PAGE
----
To promote the detox challenge, Picture Motion constructs a robust email promotion campaign. A total of 14 emails are sent throughout the campaign to those who opt in to the chemical detox challenge. Each newsletter has a different theme, some of which Picture Motion crafted with different partners, such as Hayward Score, Collaborative on Health and the Environment, and Made Safe, to come up with a specific message. In additional to Picture Motion’s promotional efforts, the film team works with 3i to craft a robust digital-marketing campaign around the digital release and the chemical detox challenge. Kristin also writes a blog post for the Sundance Institute website that explains why the team is carrying out this call-to-action impact campaign.
The team plans to launch their TVOD presales September 12, 2018, to coincide with their trailer launch through IndieWire. They initially planned to launch presales September 4, 2018, but decided to push the date out once they found out when IndieWire would be promoting the trailer. However, the film is still made available for presales September 4 because the date change order doesn’t go through properly with the Premiere Digital team. Instead of taking it down and relaunching on September 12, the team decides to keep the presales live and wait to do any promotion until September 12 once IndieWire launches the trailer.
Stephanie and Kristin work with 3i to craft ads around the trailer launch and the digital release that will hopefully boost their presale numbers. Meanwhile, 3i starts with an ad for the trailer release, which does exceptionally well. Within five days of launching the trailer ad on Facebook, the post is shared 13,000 times and receives 742,000 impressions. They continue to post frequently to their social media channels, promoting the presale with the hopes that they’ll climb in the iTunes charts.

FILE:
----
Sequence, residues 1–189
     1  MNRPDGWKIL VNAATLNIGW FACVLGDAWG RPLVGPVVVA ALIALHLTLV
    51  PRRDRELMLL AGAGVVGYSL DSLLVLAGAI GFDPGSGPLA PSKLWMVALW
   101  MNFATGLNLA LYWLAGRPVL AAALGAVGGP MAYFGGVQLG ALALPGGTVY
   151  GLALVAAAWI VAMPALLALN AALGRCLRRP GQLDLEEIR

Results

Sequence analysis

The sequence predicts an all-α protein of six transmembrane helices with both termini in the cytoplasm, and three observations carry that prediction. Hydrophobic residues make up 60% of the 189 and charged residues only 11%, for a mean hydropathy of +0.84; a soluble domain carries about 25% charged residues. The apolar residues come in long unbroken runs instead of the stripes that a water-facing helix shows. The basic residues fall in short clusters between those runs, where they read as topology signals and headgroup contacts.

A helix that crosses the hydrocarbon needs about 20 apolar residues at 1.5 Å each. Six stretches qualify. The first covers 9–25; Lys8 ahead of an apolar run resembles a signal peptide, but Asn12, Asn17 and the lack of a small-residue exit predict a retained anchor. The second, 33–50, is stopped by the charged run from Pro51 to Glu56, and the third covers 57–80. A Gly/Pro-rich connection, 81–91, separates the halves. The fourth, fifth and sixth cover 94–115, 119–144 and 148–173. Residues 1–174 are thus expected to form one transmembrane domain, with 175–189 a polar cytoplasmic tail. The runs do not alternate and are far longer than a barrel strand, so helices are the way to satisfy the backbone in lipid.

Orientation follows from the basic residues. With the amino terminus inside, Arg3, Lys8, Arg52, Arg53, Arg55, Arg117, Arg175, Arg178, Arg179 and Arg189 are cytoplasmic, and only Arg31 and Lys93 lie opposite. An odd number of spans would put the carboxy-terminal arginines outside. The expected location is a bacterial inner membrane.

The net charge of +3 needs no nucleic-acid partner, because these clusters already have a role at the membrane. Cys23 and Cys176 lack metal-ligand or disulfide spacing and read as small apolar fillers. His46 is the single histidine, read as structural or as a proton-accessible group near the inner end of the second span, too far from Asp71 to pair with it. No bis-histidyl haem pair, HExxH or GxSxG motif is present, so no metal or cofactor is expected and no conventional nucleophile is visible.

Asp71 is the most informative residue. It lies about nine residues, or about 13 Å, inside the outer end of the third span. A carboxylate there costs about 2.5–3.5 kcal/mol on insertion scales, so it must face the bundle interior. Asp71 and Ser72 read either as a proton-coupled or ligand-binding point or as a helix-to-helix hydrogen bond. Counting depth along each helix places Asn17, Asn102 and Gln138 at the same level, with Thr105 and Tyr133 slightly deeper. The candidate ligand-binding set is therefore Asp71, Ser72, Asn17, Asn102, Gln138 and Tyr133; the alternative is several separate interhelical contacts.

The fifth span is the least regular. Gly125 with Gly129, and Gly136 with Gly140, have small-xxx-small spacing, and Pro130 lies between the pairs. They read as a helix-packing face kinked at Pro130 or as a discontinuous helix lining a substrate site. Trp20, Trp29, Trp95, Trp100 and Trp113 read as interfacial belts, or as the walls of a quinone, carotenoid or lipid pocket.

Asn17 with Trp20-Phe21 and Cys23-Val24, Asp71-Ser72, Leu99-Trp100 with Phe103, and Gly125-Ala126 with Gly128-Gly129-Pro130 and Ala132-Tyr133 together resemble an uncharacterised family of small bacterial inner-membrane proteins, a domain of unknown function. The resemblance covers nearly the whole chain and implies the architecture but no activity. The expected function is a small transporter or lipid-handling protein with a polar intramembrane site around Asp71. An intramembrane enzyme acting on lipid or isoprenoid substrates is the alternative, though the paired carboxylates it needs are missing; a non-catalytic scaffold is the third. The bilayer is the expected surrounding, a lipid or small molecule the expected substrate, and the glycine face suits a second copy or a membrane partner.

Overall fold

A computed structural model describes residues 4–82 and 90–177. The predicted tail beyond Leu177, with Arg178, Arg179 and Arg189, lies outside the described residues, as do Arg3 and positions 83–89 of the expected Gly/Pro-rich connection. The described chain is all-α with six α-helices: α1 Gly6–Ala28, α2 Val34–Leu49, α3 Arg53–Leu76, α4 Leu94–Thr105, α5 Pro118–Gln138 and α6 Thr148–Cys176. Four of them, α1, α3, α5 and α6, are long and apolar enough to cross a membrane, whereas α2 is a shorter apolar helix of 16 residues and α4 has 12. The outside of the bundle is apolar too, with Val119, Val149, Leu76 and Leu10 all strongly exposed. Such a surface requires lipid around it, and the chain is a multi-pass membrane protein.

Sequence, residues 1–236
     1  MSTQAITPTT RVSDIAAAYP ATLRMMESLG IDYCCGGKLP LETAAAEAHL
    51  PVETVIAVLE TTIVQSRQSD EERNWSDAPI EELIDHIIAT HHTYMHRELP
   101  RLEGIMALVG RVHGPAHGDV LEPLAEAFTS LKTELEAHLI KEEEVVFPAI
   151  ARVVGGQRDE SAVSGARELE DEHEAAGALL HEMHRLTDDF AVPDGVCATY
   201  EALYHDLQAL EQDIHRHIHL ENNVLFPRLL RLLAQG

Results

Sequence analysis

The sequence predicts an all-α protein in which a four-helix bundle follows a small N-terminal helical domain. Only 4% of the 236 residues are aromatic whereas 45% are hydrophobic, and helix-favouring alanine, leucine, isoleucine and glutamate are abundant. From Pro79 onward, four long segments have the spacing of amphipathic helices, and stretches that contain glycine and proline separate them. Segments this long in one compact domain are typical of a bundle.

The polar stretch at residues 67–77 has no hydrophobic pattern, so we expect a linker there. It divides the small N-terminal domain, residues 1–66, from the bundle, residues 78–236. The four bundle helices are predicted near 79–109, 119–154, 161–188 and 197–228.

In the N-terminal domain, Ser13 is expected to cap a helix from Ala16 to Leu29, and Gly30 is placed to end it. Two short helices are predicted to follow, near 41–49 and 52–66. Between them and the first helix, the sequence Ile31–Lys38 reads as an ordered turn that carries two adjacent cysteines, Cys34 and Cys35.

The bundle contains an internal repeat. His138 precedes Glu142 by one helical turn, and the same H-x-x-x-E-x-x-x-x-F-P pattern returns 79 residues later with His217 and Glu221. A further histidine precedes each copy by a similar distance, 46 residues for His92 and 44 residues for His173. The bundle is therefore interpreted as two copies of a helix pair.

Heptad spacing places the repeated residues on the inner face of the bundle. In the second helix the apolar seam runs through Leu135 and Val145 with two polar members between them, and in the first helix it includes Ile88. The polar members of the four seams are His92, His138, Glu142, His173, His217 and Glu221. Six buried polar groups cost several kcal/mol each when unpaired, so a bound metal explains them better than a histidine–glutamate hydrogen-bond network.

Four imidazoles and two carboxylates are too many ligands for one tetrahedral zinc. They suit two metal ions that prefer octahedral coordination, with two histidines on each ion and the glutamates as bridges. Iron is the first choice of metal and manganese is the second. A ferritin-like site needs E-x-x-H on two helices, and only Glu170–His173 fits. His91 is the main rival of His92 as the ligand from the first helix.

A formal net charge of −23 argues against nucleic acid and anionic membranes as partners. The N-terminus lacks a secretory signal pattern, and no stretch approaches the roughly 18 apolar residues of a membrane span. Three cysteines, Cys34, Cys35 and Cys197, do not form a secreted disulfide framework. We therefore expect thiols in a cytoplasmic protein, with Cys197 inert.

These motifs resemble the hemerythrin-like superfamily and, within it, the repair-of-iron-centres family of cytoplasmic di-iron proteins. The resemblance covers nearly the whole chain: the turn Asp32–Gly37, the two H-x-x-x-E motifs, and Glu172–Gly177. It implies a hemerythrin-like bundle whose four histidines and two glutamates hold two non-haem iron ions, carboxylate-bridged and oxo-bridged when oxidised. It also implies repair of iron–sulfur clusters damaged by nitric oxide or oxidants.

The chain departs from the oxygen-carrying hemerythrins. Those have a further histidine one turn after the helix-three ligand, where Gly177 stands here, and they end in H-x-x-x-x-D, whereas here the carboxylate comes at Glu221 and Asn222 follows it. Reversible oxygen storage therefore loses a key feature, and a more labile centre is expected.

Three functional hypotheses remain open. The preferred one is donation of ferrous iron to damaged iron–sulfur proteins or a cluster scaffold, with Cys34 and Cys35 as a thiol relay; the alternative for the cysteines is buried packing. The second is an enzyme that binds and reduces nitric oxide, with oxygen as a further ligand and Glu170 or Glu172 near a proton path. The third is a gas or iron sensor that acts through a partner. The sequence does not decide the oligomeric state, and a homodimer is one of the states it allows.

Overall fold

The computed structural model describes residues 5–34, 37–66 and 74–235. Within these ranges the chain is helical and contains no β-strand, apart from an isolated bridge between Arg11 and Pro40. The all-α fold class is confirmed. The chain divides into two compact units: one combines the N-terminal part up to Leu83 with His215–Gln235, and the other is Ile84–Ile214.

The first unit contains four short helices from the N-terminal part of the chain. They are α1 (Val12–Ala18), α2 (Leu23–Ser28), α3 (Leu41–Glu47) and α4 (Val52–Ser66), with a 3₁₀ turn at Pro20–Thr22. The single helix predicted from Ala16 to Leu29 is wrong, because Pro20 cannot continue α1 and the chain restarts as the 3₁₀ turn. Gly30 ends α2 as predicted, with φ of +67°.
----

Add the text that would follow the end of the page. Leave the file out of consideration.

On October 16, 2018, the film goes live on all TVOD platforms at the same time they launch the chemical detox challenge. Leading up to this launch date, the team taps into their past and present networks to ask for help with promoting the digital launch of the film. Stephanie and Kristin reach out to their email list, which includes followers of Stephanie’s past films, to spread the news about The Devil We Know’s digital release. They also reach out to NGO supporters such as Toxic Free Future, Center for Environmental Health, and Safe States, and tastemakers such as Erin Brockovich, Beauty Counter, and The Intercept, to ask them to promote the release on their social media channels, on their email lists, and via word of mouth. Through their relationship with iTunes, the Creative Distribution team also helps line up preferred placement on the iTunes main page for the release.
Traditional Press and Marketing
The film team decides not to hire a PR consultant for the distribution of The Devil We Know and handles the work as a team. For the release, Kristin and Stephanie feel the most important PR work will be finding an impactful partner for the trailer release. They aim to find a partner that will help expand beyond the east and west coasts, which are already exposed to the release of high-profile independent documentaries, and reach middle America, which has been most affected by the harmful practices of DuPont.
The team sets their sights on USA Today. As Kristin Lazure explains, “We felt like USA Today offered us the best opportunity to connect with a nationwide audience that cut across political lines.” They reach out to their Festival publicist, Renee Ridinger, for advice. She gives them contact information for USA Today and advice on how they should craft their outreach letter. Unfortunately, Stephanie and Kristin have no luck connecting with them after multiple cold calls.
They also reach out to the Los Angeles Times’ Amy Kaufman, who wrote a piece on the film during the 2018 Sundance Film Festival, but they do not receive a response. They then do a cold outreach to Variety and the Hollywood Reporter and receive no responses from any of these outlets. Since IndieWire covers the Sundance Institute and the Creative Distribution Initiative, the Creative Distribution team suggests that Stephanie and Kristin reach out to them for the trailer exclusive. IndieWire takes the exclusive and launches the trailer on September 12, 2018.